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Saager's long road to dominating in the America East

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Binghamton University Redshirt Junior Kayla Saager has taken the America East by storm.  In her first year on the field for BU she scored 11 goals (tied for 1st in the America East and tied for 22nd in NCAA Division I soccer), 7 assists (tops in the AEast, T-38 in the nation), 29 points (tops in the AEast, tied for 13th in the nation), 4 game-winning goals (tops in the AEast), 106 shots (tops in AEast and the nation), and 52 shots on goal (1st in the nation).  Her performance on the field made her the focus of every team's scouting report, but also earned her America East Striker of the Year and First Team All-Conference Honors.

But her road to being a dominant force in the America East has not been an easy one.  BU is Saager's third college and comes after several major surgeries.

"I've had three knee surgeries.  My first when I was in 8th grade, I was at a regional camp the day after Christmas," Saager says.  "I missed the ball kind of, stubbed my toe, my body turned and my leg stayed.  At first I was like, I think I can go back in, I was a bit dramatic there for a second but I'm fine, and the trainer was like no I think you tore your ACL."

While now ACL injuries at such a young age have, unfortunately, become almost common among young athletes, at the time Saager says it was almost unheard of.  ACL tears require surgery but because she was so young, her growth plates had not closed and her doctors feared surgery would give her a short leg.  So, she waited almost a full year before having the required surgery, but still played soccer in the meantime.  

"It was tough in such a crucial part of my recruiting process for college," Saager says.  "Once I got back, before my first mensicus surgery, I had to get my name back on people's lists.  I was doing everything I possibly could, and more.  Going to camps, reaching out to people that were helping me when I was on the regional teams."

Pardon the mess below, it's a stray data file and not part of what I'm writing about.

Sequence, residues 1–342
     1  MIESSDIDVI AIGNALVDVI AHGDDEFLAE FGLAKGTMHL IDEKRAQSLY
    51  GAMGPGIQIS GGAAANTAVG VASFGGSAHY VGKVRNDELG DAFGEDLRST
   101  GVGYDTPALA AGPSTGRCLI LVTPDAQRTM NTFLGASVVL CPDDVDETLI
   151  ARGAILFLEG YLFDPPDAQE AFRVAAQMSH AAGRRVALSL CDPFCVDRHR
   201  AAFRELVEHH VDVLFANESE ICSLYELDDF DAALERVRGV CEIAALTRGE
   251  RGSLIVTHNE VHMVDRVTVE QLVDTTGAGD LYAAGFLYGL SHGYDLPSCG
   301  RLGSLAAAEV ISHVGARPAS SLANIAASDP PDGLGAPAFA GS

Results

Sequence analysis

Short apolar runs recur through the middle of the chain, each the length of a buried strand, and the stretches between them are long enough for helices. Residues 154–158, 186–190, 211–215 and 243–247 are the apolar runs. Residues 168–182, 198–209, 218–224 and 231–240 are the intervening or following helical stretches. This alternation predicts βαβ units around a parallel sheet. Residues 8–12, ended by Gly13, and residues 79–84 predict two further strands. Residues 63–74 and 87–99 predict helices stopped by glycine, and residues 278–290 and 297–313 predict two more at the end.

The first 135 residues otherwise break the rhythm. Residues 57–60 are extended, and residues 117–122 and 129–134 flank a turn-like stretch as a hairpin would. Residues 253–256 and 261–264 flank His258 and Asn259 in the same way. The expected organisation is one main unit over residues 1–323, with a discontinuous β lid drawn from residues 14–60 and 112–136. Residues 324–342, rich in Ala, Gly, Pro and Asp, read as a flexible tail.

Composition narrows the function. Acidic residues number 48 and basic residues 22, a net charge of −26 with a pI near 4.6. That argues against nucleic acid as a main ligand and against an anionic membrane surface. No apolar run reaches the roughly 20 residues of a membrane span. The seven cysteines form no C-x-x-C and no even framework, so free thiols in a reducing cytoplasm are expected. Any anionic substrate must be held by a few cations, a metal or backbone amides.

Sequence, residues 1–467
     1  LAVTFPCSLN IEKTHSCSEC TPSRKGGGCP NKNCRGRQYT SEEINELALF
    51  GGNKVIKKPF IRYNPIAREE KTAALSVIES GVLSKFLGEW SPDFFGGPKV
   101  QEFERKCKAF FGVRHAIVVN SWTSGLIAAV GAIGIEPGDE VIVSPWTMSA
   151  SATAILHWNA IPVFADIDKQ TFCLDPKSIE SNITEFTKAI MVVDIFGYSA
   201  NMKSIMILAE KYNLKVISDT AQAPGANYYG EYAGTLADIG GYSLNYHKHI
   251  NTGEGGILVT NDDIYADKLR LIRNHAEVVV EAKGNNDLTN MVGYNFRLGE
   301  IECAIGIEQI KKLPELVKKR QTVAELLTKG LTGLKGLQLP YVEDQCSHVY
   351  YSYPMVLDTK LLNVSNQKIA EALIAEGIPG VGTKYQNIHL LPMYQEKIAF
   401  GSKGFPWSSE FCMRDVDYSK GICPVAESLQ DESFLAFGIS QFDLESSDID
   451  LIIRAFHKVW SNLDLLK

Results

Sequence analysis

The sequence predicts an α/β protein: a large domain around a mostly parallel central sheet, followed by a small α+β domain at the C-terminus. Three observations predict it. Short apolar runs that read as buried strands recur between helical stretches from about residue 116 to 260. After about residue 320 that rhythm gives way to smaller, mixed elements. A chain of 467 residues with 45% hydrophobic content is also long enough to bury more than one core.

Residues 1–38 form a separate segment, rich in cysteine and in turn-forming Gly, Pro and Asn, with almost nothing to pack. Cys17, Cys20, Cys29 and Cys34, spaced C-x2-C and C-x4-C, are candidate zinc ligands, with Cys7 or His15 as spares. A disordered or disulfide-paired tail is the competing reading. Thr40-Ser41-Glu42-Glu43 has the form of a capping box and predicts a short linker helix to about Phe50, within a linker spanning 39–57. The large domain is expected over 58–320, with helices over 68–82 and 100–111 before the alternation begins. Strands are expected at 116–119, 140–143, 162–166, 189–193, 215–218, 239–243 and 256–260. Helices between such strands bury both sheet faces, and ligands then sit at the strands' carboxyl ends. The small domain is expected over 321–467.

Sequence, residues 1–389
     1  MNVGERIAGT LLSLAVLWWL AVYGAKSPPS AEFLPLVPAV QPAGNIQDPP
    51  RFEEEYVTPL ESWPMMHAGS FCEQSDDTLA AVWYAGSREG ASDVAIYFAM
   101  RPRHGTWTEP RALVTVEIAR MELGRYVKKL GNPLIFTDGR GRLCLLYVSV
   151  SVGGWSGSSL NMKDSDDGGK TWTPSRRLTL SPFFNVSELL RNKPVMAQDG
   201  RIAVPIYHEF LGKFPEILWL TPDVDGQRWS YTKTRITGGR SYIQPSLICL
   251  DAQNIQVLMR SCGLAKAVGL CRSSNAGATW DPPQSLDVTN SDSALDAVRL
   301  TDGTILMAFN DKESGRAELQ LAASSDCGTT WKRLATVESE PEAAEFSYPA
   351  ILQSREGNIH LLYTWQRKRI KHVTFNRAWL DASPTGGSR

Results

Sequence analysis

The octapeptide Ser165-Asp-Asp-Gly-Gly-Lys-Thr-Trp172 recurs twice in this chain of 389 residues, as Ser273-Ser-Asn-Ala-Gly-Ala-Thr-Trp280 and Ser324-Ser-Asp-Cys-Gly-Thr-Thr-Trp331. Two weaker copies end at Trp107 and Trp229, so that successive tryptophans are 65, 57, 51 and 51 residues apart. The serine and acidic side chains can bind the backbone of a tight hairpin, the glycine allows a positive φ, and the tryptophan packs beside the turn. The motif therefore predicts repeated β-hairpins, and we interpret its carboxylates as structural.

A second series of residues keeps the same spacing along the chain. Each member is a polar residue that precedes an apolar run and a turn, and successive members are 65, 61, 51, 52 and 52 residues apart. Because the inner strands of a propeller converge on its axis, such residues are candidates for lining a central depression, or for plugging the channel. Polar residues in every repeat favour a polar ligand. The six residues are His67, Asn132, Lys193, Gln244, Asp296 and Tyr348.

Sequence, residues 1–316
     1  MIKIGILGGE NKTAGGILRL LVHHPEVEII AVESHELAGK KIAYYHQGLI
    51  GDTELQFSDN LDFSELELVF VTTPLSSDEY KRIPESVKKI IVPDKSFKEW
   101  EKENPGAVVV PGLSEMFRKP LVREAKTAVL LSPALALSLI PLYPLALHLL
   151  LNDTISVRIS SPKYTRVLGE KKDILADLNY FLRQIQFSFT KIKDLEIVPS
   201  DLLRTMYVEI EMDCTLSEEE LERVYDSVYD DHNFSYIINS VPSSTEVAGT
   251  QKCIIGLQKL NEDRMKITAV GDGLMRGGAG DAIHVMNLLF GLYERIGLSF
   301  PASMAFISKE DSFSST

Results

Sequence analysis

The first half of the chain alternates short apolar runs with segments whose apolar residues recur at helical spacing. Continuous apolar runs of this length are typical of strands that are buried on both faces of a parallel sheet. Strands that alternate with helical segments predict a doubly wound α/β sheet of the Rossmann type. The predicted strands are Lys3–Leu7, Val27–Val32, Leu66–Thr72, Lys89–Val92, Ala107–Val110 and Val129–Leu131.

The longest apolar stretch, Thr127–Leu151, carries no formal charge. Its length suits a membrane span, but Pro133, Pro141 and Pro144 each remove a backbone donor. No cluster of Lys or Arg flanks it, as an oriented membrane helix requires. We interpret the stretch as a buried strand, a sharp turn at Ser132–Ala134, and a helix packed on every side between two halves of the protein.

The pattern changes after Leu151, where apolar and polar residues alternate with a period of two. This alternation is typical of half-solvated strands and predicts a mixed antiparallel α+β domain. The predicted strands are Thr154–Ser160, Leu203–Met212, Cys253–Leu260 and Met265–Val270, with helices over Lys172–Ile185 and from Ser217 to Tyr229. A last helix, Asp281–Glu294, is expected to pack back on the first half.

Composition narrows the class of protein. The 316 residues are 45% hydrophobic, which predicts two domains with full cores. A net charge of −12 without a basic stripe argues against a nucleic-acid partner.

At a national camp in Florida her sophomore year, all the girls on her regional team had already committed to colleges.  Saager was not.

"That definitely put pressure on me.  They're all committed and I should be where they were.  I just have to work that much harder and show myself harder at these camps.  It was just more motive because I knew I was behind in the process.  I just had to get back out there and make someone want to take a chance on me."

But during a trip to Russia her junior year of high school she pulled a muscle in her quadriceps.  A week after returning home, the injury bug struck again.

"I hurt my quad a little bit in Russia, and apparently that has something to do with weakening stuff around your knee," she says.  "So then I tore my meniscus for the first time right when I got back that week.  Had to undergo surgery again.  They took most of my meniscus.  Then when I was a freshman at NC State I tore my meniscus again."

Her freshman year at NC State, she led the Wolfpack in goals (5) and points (11) in 13 games and 12 starts.  At the end of the season she transferred to West Virginia with her soccer career in doubt.

"The last surgery really took a toll on my body.  My knee wasn't in the best shape anymore.  My doctor's didn't want me to play anymore.  Since I don't have a meniscus anymore they wanted me to get a meniscus transplant, which I can't play with, so of course that wasn't on the table," she says smiling.

Even so, she knows another surgery is likely in her future.  

"The doctors said you have to think of your future, like when you're going to have kids, just holding them, going upstairs.  Because, my doctor said I'm going to need a knee replacement by the time I'm 25.  I'll be 22 in March, so, I don't know."

In the meantime, she's going to play as hard as she can for as long as she can.